Potential "Big Hitter"
By Heather V., Fredericton High, Fredericton, NB
Fredericton High student, Patrick Maubert, is in grade 12 and is already
well known to patrons of the theatre in Fredericton. In Theatre New
Brunswick (TNB) production of BIG, he was Josh Baskin. In Grease, he
played the role of Danny Zuko, while in the recently staged Chicago, he
played the role of Billy Flynn. In Fredericton High productions, he has
had many lead roles such as Benny Southstreet in Guys and Dolls, Charlie
Davenport in Annie Get Your Gun, and Billy Lawlor in 42nd Street. In this
year's production of Bye Bye Birdie, Mr. Maubert played Albert Peterson.
Maubert aspires to be more than a local actor. He dreams of
hitting the stage in New York City and accomplishing his goal to make it
big. Heather V., a grade 12 journalism student at FHS, spoke to Mr.
Maubert between his acting gigs.
Heather V: How did you begin acting and why did you continue?
Patrick Maubert: I began acting when I was eight. My sister was
auditioning for the Theatre New Brunswick Christmas production of a
Christmas Carol and I just went with her because my parents were waiting
her. We went into a big room and waited for her to do her thing. The
director came downstairs and saw me there. He asked me if I was trying
out and I said I wasn't really because I wasn't really into that whole
thing. He told me I had to try out because I looked the part perfectly. I
went upstairs and recited a poem I learnt the year before in school. I
got the role of Tiny Tim and my sister didn't get anything so it was hard
for her but that's how it all started.
Heather V: What classes do you take in to help you in musical
theatre/acting? How many hours a week do you practice each?
Maubert: I take two hours of voice lessons a week, one hour of piano and
piano theory, one hour of jazz dance and TNB. Wow that takes up a good
seven hours a week. That's a safe bet. I'm in a lot of other shows too so
I practice musical theatre a lot.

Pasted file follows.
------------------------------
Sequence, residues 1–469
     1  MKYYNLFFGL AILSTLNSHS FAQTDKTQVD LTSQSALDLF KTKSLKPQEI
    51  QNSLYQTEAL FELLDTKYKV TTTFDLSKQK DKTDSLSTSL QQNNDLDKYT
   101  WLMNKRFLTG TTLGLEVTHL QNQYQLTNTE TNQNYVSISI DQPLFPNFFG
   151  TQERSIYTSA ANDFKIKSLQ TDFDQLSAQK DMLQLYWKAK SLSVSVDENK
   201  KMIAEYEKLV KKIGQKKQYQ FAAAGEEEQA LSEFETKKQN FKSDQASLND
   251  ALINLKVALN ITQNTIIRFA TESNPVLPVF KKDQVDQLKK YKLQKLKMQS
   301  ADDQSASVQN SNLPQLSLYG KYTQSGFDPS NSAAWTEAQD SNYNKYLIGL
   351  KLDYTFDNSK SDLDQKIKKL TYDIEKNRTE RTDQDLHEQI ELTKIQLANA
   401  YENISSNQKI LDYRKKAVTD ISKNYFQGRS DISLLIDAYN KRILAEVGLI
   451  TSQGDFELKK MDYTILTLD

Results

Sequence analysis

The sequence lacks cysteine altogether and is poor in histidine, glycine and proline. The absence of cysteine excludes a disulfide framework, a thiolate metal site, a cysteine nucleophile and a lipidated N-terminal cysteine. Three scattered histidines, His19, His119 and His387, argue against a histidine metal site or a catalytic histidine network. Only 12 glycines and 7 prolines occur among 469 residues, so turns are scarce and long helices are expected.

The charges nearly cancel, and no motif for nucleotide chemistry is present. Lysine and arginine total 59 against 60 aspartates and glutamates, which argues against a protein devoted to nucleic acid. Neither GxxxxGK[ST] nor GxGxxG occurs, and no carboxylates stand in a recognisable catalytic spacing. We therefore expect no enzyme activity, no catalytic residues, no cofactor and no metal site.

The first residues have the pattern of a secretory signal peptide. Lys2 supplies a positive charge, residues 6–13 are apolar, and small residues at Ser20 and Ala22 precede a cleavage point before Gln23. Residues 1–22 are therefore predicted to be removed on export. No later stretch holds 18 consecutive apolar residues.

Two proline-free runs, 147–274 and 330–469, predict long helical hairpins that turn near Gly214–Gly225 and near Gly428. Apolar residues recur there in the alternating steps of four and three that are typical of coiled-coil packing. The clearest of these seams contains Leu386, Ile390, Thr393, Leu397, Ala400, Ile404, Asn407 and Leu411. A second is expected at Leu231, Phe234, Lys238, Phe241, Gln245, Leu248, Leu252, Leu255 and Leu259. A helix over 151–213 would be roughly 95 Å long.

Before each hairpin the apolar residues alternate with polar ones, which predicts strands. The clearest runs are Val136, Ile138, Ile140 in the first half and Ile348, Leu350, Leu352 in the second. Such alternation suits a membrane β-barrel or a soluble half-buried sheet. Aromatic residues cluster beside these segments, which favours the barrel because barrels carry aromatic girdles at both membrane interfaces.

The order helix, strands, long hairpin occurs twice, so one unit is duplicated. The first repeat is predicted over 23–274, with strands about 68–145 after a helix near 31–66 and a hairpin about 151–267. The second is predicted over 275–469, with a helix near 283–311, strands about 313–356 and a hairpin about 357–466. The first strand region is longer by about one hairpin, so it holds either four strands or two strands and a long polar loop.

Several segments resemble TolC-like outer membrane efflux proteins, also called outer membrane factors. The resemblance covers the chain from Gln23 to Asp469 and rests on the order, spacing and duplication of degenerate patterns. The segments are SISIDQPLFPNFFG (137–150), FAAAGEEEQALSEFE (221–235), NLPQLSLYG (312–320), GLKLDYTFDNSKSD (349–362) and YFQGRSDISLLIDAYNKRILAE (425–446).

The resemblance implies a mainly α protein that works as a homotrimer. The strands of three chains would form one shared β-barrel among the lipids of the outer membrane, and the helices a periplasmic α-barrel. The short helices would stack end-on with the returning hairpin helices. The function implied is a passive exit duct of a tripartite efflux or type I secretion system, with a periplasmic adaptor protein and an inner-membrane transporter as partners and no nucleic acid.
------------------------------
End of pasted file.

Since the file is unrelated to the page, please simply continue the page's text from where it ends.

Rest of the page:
Heather V: During a show on average how many hours would you practice?
Maubert: It depends when it is. If it is close to a show you are there
almost all the time but if it is close to the start probably about three
or four hours a week.
Heather V: During a show on average how much school do you miss?
Maubert: I've missed a fair bit this year because my courses are easier
than last year. I would say I've missed quite a few school days.
Heather V: Is it hard to keep up on your schoolwork during a show?
Maubert: I think teachers believe that you can do homework and keep up
with your school work while doing a show but really it is impossible
because when you're doing a show or a run through you can't be backstage
doing homework because your getting ready to go on stage or getting
changed. When you get home at twelve O'clock homework is that last thing
you want to do but if you have to do it you have to do it. A lot of
teachers are very understanding about that kind of thing and will give
you a few days extension. I've never really had trouble with that.
Heather V: You sometimes had a part time job too. Did you find this
Maubert: Yes, up until this year, for grade 9, 10, and 11, I worked at
Aura Whole Foods. Luckily my boss was both my cousins and his wife so
they were very understanding and I couldn't have done it without them. I
missed a lot of work and it was hard trying to re-schedule shifts. It